I'm admitting it to the world.
I wasn't I'll. I wasn't laughing too hard. I wasn't even scared witless.

I had been at school that day and in the lesson just after lunch, I needed to go. As some teachers weren't so accommodating for toilet breaks, I thought I'd hold it until the end of the day. 

When the final bell came, I went to go to the gents at the bottom end of our school. It was closed. The only other toilets in the school were about a 10 minute walk back into the school. Taking into account that home was only 25 minutes walk away and that going to the other toilets would mean it would be 45 minutes to home, I decided I could hold until home.

I walked in through the front door, trousers still dry. Somebody was in the downstairs toilet so I jogged upstairs, ran in the bathroom and locked the door.

I'd made it. I was home and dry. But that sigh of relief came about four seconds too early. Those pelvic floor muscles I'd been contracting like mad for a few hours let go and there I was with a wet pair of trousers.


I help athletes and non-athletes use their bodies better so they can do more of what they want...so why have I just told you an adolescent bladder control story?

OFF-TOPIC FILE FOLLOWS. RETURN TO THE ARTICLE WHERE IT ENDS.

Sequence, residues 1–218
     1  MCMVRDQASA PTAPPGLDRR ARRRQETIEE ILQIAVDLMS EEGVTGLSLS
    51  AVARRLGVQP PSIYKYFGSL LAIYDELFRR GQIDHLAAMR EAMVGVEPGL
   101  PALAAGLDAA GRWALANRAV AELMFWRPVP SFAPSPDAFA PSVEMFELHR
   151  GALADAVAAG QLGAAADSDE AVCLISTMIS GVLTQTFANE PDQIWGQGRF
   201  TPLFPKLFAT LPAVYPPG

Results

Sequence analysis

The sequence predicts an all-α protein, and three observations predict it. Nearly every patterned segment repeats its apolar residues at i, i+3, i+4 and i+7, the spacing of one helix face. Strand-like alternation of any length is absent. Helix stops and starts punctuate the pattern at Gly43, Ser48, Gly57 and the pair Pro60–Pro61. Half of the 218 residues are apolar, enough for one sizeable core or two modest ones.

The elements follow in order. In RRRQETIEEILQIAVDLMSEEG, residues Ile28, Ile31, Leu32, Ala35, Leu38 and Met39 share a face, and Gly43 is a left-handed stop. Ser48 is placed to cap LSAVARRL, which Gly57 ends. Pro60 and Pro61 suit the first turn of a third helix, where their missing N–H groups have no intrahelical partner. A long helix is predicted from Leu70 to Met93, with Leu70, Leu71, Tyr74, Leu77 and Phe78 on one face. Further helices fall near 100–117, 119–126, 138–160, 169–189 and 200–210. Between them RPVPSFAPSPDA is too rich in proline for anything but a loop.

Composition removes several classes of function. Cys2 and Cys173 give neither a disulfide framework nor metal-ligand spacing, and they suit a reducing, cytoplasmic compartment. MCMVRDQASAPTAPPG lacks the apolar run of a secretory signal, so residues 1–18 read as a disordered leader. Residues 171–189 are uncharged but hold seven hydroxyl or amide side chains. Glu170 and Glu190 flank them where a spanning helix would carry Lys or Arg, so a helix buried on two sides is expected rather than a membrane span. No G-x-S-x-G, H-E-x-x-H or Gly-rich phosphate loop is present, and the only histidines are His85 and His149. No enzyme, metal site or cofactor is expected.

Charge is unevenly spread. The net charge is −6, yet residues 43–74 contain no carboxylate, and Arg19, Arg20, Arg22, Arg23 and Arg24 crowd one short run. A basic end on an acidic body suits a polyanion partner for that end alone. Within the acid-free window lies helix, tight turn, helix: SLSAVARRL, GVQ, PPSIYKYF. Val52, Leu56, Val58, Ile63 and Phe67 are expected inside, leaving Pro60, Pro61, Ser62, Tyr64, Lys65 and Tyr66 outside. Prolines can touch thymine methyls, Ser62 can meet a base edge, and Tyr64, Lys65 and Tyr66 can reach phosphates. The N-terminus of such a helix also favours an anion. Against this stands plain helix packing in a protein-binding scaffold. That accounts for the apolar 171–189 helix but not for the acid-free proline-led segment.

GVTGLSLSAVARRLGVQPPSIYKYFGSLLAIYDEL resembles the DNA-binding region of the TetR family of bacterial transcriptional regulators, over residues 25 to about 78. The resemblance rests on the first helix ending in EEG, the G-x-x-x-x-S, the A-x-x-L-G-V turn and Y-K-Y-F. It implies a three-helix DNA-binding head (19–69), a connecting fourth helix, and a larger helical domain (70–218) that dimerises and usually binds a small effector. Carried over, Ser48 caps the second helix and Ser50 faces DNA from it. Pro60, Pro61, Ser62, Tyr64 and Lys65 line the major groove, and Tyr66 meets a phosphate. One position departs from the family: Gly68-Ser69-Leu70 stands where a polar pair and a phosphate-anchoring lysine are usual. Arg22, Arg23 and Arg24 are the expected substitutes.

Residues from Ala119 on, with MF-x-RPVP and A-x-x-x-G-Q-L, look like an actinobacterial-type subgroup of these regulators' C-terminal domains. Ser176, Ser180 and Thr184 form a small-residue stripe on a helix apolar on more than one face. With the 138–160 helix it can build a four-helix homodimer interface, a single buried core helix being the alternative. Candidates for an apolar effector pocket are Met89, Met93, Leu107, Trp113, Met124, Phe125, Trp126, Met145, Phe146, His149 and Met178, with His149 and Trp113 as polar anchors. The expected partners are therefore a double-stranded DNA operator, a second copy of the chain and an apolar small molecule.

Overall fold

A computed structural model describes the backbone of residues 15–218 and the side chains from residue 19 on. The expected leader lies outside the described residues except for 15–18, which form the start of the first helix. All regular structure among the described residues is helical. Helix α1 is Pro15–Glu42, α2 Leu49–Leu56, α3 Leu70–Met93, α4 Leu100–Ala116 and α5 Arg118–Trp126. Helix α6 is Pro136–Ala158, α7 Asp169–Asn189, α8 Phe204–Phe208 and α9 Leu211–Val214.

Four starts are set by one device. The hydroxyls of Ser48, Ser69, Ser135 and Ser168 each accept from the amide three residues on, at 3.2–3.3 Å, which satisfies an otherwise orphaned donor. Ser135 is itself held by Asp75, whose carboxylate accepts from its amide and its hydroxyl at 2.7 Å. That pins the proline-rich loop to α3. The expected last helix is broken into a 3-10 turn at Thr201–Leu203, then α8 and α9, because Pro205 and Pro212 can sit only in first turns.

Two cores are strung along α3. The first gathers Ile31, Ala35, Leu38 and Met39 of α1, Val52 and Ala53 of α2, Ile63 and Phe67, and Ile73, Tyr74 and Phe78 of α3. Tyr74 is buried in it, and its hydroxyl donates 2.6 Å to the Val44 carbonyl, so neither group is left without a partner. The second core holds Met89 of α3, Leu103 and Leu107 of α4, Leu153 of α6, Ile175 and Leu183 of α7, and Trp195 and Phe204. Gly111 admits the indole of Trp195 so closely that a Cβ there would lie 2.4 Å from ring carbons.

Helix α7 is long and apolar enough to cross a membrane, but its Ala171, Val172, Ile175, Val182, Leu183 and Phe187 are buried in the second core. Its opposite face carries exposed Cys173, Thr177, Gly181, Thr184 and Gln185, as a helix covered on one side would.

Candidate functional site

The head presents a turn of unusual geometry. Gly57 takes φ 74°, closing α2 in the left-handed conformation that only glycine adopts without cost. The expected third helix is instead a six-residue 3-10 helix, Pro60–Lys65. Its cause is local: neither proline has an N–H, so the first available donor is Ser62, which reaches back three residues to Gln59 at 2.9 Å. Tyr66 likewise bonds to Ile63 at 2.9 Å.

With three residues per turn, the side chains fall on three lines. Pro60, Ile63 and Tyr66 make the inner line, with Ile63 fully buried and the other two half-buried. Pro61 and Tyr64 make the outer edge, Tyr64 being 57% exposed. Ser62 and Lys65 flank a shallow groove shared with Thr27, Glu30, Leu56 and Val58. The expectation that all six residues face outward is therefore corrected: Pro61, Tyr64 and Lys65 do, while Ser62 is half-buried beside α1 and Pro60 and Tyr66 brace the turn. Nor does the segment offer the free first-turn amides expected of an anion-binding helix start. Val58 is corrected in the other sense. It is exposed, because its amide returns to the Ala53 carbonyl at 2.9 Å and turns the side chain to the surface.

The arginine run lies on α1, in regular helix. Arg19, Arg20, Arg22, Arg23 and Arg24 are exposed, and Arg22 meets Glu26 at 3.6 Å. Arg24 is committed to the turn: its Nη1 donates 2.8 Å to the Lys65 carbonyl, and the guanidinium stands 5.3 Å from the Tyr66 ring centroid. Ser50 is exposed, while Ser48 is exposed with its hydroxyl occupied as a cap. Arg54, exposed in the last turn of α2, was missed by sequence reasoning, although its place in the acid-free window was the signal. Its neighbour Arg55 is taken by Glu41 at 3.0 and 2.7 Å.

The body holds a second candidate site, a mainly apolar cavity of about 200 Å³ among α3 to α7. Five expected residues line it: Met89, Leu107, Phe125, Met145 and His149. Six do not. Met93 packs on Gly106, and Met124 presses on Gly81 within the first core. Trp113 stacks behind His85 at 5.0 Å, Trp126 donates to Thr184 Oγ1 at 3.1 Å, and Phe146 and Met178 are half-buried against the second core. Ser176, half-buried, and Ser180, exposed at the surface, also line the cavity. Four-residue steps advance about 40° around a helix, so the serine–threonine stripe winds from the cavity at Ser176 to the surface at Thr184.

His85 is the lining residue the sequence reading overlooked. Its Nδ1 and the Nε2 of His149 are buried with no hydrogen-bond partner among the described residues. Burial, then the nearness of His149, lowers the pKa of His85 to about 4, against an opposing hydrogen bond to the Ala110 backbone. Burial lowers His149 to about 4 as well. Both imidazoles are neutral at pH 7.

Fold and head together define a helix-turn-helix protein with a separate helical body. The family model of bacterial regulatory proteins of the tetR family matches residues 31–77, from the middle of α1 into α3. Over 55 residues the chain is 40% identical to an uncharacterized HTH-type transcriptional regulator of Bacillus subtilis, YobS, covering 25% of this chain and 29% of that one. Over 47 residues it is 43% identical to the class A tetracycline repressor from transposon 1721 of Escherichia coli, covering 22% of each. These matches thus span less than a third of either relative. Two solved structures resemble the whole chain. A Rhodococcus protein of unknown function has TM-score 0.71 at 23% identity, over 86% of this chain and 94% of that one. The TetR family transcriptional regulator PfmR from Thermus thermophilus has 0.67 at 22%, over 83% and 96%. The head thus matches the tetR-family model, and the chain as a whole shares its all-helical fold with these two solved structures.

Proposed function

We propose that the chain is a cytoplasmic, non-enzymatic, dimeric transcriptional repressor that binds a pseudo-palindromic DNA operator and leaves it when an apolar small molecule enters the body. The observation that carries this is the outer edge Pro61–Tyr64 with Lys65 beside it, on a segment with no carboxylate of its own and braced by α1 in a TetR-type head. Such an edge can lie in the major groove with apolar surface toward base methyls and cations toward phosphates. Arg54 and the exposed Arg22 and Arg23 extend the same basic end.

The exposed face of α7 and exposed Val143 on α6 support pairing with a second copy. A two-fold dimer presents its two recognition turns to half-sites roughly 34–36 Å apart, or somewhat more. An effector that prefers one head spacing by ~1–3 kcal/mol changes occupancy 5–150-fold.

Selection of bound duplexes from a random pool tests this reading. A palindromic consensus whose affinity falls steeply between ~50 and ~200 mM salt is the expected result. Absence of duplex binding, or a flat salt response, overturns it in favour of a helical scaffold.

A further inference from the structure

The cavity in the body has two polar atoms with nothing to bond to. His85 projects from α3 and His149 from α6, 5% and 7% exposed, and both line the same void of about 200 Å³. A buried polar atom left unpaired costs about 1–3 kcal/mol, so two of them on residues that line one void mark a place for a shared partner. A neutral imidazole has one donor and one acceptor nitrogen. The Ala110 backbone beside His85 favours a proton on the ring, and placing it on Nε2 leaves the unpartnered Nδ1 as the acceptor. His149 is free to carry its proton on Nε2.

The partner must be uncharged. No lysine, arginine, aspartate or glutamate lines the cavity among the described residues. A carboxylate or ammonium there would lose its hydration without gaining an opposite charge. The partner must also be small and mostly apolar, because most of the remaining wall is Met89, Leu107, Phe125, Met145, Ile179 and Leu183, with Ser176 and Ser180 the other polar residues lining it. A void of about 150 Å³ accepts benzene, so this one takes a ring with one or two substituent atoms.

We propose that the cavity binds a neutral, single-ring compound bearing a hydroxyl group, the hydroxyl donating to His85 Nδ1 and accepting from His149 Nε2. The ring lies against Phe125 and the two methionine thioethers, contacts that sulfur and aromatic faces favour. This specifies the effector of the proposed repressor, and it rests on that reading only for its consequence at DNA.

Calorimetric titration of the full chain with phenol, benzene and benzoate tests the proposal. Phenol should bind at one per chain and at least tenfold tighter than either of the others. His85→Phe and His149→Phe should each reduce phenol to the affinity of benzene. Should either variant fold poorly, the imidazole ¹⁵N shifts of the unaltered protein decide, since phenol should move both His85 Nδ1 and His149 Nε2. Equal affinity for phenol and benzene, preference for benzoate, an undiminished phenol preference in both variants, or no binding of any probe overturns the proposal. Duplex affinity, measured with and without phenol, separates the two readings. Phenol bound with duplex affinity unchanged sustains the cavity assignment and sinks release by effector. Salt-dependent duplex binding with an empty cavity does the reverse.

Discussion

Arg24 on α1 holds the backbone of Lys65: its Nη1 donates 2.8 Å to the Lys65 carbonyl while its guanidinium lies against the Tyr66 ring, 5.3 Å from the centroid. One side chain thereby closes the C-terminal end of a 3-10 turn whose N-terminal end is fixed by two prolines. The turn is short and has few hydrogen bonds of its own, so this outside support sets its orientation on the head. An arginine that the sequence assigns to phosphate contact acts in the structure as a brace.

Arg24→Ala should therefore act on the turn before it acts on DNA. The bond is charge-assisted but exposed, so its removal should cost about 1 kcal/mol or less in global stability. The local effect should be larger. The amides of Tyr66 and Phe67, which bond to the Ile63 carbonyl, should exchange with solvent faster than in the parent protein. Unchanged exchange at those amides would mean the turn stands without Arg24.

Your pelvic floor muscles are of huge importance to your athletic potential and your quality of life, that's why.

Breathing, core stability and therefore strength, speed, agility and mobility are all hugely influenced by those muscles that help us regulate our weeing and pooing, amongst other things that some of you may blush reading about.

If they're overactive or underactive, all of those acts will degrade in their quality and my story is an example of a surefire way to do this...

holding it in for prolonged periods of time.


 

In our culture, we can't really just stop and do a toilet whenever we have the urge like we could in days gone by. We have to be a little more strategic.

But think about the times you've held it just because it's a little inconvenient to go.

If this is something you regularly do, you can start to reset your perception of when you need to go and in doing this, you will start to overcontract your pelvic floor muscles without even noticing it. Your nervous system will make this overcontraction the new norm, even when you don't have to hold anything in.

Over time, our breathing, core stability and all those other qualities will begin to silently change as a result.

Essentially, you piss on your athleticism a drop at a time and only notice it by the time it's drenched.

So my advice to you today is to go when you need to go whenever you can.

Keep your athleticism dry,


Arton "Home and dry" Baleci

 

P.S. if you'd like to let more people know I wet myself or more importantly that something so simple can wreak havoc with their athleticism, share this by using the SHARE button on the right.